Antibody-Dependent Cell-Mediated Cytotoxicity to Target Cells Infected with Herpes Simplex Viruses

  • S. L. Shore
  • F. M. Melewicz
  • H. Milgrom
  • A. J. Nahmias
Part of the Advances in Experimental Medicine and Biology book series (AEMB, volume 73B)


Two major mechanisms have been described by which lymphoid cells damage or destroy target cells bearing foreign antigens on their surface. The first of these mechanisms, cell-mediated cytotoxicity (CMC), is important in allograft rejection and tumor immunity (4) and is carried out by sensitized T lymphocytes from specifically immunized hosts. The second mechanism, antibody-dependent cell-mediated cytotoxicity (ADCC), has as yet an undefined role in vivo and is conveyed by the action of mononuclear effector cells on target cells sensitized with antibody to surface membrane antigens (7,15). Unlike CMC, the effector cell in ADCC is found in nonimmunized, as well as immunized hosts. Clearly not a T lymphocyte, in some ADCC systems it appears to be a K cell (3,22), a nonphago-cytic lymphoid cell with an Fc receptor, but no readily detectable surface immunoglobulin. A variety of target cells have been employed in vitro to demonstrate ADCC; these have included xenogeneic (8,14), allogeneic (9,10), and various tumor cells (16), as well as cells passively coated with antigens (2,21). We recently demonstrated for the first time ADCC using viral-infected target cells (17,19).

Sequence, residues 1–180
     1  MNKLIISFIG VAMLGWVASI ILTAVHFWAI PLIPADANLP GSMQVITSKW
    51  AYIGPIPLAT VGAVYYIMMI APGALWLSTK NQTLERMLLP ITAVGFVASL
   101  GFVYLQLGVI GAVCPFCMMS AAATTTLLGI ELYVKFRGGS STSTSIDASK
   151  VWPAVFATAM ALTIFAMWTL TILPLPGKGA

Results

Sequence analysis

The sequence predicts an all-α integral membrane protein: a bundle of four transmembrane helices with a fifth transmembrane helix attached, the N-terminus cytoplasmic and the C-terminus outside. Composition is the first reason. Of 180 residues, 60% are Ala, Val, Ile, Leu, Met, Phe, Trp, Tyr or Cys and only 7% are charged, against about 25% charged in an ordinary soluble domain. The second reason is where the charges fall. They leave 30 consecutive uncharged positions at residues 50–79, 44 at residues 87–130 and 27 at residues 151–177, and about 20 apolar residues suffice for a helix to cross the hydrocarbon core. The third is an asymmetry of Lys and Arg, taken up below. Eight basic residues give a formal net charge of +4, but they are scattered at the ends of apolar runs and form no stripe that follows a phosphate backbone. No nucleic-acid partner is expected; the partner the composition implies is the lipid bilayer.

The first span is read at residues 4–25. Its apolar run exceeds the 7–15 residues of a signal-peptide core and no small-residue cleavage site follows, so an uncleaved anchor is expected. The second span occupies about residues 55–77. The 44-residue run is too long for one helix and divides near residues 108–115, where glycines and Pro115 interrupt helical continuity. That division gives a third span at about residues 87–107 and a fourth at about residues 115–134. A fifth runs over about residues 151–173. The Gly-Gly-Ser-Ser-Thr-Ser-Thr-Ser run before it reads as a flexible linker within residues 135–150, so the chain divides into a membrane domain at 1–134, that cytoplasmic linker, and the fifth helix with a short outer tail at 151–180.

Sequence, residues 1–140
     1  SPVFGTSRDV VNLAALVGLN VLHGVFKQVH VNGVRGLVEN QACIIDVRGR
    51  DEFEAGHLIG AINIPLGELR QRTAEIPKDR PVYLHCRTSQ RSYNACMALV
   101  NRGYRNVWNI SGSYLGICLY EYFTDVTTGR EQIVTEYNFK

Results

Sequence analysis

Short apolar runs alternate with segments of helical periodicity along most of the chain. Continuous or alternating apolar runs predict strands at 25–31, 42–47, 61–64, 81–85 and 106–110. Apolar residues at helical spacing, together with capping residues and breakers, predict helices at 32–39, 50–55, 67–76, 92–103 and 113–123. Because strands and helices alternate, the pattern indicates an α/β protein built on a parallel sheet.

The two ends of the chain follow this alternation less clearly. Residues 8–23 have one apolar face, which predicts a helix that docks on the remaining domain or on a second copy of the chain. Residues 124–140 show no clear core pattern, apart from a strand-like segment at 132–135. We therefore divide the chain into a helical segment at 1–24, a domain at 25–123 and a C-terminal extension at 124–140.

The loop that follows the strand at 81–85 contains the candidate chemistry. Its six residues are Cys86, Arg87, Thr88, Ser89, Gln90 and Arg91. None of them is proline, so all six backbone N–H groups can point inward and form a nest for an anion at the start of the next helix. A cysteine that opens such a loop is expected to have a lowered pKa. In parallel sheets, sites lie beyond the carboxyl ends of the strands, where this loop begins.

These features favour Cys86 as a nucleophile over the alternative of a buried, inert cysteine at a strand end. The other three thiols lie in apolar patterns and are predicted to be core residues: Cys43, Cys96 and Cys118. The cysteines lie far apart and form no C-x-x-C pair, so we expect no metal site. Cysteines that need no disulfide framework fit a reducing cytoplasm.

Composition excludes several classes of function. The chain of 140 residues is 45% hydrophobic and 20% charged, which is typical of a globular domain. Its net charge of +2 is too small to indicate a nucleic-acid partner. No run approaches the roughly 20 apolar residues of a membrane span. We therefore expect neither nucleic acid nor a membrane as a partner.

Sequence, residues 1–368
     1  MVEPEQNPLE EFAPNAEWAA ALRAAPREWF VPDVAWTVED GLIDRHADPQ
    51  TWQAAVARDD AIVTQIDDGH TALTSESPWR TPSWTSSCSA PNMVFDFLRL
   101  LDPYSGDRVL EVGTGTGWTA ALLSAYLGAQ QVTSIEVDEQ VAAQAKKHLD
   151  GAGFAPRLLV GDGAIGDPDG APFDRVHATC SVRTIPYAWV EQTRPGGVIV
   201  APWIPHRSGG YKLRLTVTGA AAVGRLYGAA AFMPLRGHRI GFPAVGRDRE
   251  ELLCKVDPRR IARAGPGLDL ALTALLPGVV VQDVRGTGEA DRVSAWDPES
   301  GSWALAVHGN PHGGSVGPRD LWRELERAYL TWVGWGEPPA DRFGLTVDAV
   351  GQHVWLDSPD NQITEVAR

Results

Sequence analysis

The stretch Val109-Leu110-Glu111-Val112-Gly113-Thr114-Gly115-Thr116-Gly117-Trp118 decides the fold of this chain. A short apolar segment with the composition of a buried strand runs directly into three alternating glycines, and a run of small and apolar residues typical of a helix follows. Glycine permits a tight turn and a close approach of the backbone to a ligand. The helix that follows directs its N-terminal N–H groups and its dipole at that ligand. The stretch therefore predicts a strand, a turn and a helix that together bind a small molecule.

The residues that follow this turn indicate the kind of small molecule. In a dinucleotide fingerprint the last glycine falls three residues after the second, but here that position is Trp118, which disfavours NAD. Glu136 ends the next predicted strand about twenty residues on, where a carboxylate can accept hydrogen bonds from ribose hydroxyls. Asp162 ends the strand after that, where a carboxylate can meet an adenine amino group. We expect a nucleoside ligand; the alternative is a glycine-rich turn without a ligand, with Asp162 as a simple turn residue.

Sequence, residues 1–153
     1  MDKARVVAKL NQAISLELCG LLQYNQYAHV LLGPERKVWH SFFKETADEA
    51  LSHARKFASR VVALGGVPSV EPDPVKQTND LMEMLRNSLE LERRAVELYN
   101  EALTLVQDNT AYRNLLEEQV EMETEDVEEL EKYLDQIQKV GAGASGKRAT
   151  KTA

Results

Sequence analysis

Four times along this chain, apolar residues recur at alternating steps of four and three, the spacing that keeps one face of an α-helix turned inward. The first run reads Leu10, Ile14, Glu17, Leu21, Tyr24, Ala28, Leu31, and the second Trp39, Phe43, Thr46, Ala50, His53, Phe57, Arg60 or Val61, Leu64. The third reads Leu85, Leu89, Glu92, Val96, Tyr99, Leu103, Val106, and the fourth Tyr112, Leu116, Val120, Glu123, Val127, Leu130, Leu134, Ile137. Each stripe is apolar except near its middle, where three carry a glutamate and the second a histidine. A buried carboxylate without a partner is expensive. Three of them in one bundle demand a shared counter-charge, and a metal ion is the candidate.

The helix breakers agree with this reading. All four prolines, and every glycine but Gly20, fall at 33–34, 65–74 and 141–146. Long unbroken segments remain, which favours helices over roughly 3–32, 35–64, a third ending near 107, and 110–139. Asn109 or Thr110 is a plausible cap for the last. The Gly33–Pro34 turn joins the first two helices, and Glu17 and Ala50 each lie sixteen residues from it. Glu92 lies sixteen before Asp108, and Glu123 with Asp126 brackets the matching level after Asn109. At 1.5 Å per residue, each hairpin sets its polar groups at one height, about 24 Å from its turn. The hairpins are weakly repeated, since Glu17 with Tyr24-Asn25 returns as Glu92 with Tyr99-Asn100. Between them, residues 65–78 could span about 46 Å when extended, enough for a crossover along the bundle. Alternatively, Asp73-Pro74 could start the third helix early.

Effector Cell Immune Serum Chang Liver Chang Liver Cell Nylon Wool 
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Copyright information

© Plenum Press, New York 1976

Authors and Affiliations

  • S. L. Shore
    • 1
    • 2
  • F. M. Melewicz
    • 1
    • 2
  • H. Milgrom
    • 1
    • 2
  • A. J. Nahmias
    • 1
    • 2
  1. 1.Center for Disease ControlAtlantaGeorgiaUSA
  2. 2.Emory University School of MedicineAtlantaGeorgiaUSA

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